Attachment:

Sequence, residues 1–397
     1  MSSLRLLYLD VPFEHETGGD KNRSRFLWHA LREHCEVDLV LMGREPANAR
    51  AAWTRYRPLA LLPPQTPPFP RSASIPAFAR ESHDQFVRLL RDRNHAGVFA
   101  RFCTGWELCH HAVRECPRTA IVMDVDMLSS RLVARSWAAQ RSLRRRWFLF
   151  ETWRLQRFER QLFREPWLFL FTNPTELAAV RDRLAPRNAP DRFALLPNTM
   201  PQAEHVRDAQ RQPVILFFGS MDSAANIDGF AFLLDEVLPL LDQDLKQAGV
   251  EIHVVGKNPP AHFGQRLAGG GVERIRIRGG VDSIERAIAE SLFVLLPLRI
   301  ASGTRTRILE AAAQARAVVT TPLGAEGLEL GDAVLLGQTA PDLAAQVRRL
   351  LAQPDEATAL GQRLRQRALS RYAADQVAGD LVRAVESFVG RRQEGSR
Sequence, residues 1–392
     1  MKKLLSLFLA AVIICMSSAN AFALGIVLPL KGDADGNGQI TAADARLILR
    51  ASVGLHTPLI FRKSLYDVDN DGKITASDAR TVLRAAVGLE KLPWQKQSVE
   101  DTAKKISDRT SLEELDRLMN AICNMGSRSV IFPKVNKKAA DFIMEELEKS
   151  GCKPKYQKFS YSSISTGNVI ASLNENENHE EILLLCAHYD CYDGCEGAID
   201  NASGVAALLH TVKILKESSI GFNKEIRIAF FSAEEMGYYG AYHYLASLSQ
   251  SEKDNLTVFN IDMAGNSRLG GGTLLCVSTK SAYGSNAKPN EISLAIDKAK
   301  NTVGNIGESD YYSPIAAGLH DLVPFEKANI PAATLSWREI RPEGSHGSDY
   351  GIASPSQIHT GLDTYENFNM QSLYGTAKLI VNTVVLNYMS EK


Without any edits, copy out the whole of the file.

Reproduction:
Sequence, residues 1–397
     1  MSSLRLLYLD VPFEHETGGD KNRSRFLWHA LREHCEVDLV LMGREPANAR
    51  AAWTRYRPLA LLPPQTPPFP RSASIPAFAR ESHDQFVRLL RDRNHAGVFA
   101  RFCTGWELCH HAVRECPRTA IVMDVDMLSS RLVARSWAAQ RSLRRRWFLF
   151  ETWRLQRFER QLFREPWLFL FTNPTELAAV RDRLAPRNAP DRFALLPNTM
   201  PQAEHVRDAQ RQPVILFFGS MDSAANIDGF AFLLDEVLPL LDQDLKQAGV
   251  EIHVVGKNPP AHFGQRLAGG GVERIRIRGG VDSIERAIAE SLFVLLPLRI
   301  ASGTRTRILE AAAQARAVVT TPLGAEGLEL GDAVLLGQTA PDLAAQVRRL
   351  LAQPDEATAL GQRLRQRALS RYAADQVAGD LVRAVESFVG RRQEGSR
Sequence, residues 1–392
     1  MKKLLSLFLA AVIICMSSAN AFALGIVLPL KGDADGNGQI TAADARLILR
    51  ASVGLHTPLI FRKSLYDVDN DGKITASDAR TVLRAAVGLE KLPWQKQSVE
   101  DTAKKISDRT SLEELDRLMN AICNMGSRSV IFPKVNKKAA DFIMEELEKS
   151  GCKPKYQKFS YSSISTGNVI ASLNENENHE EILLLCAHYD CYDGCEGAID
   201  NASGVAALLH TVKILKESSI GFNKEIRIAF FSAEEMGYYG AYHYLASLSQ
   251  SEKDNLTVFN IDMAGNSRLG GGTLLCVSTK SAYGSNAKPN EISLAIDKAK
   301  NTVGNIGESD YYSPIAAGLH DLVPFEKANI PAATLSWREI RPEGSHGSDY
   351  GIASPSQIHT GLDTYENFNM QSLYGTAKLI VNTVVLNYMS EK